Friday, 23 June 2017

Small Pond Installations for Irrigation and Wildlife - Part 2 - Liners

Welcome to part 2 in a series of posts covering the installation of small irrigation and wildlife ponds. Part one can be found here and covers planning and digging a pond.

During this post we'll look at liner options and the steps you need to take to install a liner for your pond.



Lining the pond in Ataraxia

Pond Liner Options  


The majority of ponds will need some kind of liner to stop water seeping into the surrounding soil. For ponds in lowland with a high water table on clay soils, or ponds with a perennial source of water that can flow into and out of the pond, a liner is not necessary, but for rain fed (either direct or via roof/land catchments) ponds, or for ponds with an ephemeral source of water in climates with long dry seasons, a liner will be needed.

We commonly use tri-laminate LDPE liners for our ponds as they are relatively light, easy to install and good value.

Tri-laminate LDPE liner


However, there are a variety of pond liners available to suit your site conditions and budget and before looking at how we install our liners we'll go briefly over the options starting with the natural liners.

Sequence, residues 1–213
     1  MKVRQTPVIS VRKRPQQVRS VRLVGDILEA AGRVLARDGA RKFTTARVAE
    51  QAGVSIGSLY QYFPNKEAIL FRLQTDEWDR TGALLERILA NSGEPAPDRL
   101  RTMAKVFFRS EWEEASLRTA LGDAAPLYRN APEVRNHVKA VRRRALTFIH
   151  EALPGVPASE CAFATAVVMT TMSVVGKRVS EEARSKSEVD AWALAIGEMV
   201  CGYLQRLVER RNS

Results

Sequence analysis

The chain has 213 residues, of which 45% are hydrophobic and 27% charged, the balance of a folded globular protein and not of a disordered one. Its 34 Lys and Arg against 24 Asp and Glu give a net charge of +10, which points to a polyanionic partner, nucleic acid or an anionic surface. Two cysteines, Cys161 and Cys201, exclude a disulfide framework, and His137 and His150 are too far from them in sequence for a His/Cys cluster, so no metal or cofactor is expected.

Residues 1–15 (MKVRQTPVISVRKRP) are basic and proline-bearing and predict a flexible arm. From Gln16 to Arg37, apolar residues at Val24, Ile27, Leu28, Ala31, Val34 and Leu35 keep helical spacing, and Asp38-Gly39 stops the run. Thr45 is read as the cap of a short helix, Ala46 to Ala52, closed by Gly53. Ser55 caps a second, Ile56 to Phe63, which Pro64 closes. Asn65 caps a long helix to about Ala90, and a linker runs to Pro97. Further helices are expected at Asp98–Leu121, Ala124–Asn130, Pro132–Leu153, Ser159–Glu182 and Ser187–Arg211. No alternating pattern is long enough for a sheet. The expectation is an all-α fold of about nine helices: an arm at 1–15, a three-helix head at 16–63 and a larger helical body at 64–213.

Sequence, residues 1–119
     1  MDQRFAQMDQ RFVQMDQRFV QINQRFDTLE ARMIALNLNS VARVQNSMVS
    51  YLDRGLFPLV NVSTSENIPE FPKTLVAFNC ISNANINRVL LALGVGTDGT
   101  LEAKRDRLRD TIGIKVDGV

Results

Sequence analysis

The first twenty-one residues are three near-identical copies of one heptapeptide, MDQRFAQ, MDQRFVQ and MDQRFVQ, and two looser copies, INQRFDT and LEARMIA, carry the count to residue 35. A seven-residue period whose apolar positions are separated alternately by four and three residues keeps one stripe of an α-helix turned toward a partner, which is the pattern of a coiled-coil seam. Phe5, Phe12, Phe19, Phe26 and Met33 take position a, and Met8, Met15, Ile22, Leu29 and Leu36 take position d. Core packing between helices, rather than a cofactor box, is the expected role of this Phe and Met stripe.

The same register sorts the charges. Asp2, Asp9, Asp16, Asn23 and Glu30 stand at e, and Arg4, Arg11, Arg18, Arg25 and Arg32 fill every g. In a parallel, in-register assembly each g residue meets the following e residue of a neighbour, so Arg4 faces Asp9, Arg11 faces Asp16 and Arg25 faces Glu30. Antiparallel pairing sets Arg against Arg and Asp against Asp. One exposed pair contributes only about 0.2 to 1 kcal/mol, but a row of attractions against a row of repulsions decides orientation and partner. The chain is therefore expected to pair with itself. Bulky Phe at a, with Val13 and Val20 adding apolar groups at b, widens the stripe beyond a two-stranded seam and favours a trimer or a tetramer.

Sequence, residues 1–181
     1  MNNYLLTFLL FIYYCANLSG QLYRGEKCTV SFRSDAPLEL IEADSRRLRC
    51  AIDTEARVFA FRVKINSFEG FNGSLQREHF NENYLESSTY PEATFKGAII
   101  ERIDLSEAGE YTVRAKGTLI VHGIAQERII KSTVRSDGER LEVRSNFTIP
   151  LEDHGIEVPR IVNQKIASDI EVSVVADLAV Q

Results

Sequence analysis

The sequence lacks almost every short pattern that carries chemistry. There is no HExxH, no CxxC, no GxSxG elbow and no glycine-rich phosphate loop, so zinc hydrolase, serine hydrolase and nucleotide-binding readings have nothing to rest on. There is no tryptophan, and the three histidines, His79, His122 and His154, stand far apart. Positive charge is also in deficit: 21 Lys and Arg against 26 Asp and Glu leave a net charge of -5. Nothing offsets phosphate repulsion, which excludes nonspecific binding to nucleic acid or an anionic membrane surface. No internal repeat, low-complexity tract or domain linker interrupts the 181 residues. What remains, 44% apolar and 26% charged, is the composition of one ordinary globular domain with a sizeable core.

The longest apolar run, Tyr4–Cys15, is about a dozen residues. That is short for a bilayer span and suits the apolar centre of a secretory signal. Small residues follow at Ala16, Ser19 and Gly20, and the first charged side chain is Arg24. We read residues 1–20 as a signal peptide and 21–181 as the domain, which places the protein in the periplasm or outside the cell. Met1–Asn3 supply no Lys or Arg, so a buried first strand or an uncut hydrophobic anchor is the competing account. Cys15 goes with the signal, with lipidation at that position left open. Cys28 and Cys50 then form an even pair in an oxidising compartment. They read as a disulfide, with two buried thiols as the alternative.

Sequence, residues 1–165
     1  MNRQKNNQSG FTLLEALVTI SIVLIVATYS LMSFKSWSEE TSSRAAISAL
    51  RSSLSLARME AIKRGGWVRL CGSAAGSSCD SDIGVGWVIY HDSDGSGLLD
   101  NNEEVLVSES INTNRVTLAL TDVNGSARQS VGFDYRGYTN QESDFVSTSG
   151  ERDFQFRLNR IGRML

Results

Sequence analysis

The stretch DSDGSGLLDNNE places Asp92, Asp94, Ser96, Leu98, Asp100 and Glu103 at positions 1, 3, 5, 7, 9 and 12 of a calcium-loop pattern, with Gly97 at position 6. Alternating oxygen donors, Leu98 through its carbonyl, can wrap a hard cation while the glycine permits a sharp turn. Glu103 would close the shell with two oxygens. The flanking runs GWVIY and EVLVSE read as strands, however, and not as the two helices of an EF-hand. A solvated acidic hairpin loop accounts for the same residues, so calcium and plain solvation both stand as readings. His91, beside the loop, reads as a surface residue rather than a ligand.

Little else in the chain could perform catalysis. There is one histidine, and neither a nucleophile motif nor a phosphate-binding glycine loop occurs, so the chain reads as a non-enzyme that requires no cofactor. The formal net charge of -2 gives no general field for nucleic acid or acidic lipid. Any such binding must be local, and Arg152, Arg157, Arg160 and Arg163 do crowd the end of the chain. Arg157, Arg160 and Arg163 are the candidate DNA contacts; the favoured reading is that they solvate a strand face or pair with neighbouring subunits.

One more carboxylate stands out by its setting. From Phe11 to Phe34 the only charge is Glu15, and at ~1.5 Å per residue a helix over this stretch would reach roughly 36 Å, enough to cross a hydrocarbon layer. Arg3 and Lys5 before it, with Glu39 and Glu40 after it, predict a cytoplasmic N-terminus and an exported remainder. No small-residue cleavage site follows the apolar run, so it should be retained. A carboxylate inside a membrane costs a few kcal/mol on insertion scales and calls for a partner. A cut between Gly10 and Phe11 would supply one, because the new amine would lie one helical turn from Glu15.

Natural Liners


Puddled Clay - Using clay to line a pond is a great idea if you have the right kind of clay soils on the location of the pond or very near by. Otherwise given the large quantity of clay required the excavation and transport costs probably make it not worth considering. You also need to be sure you have a constant water level if using certain clay that will shrink and swell. This is because when the water level drops cracks will appear and water will drain into the cracks when it refills.

Clay cracking when water levels drop 

Another thing to consider if you are adding a clay layer on top of permeable soils such as sandy and stony soils is that aquatic plants with expansive rhizomatous roots such as reeds, sedges, watermint and yellow flag can easily damage the clay layer creating holes that will lose water.

Some soils are unsuitable for clay . Gravelly, silty and peaty soils are affected by ground water and move. The puddle clay will also move, resulting in cracks and leaks.


Bentonite Clay Liners are a composite product manufactured using the naturally occurring Bentonite clay resource. The powdered Bentonite clay is sandwiched between a woven and non woven geotextile, resulting in a very strong robust product. The biggest advantage of bentonite is that it can self-heal and expand around punctures if it’s installed correctly. The biggest disadvantage is that it's relatively expensive, extremely heavy (making delivery costs high) and often heavy machinery is required to place the liner.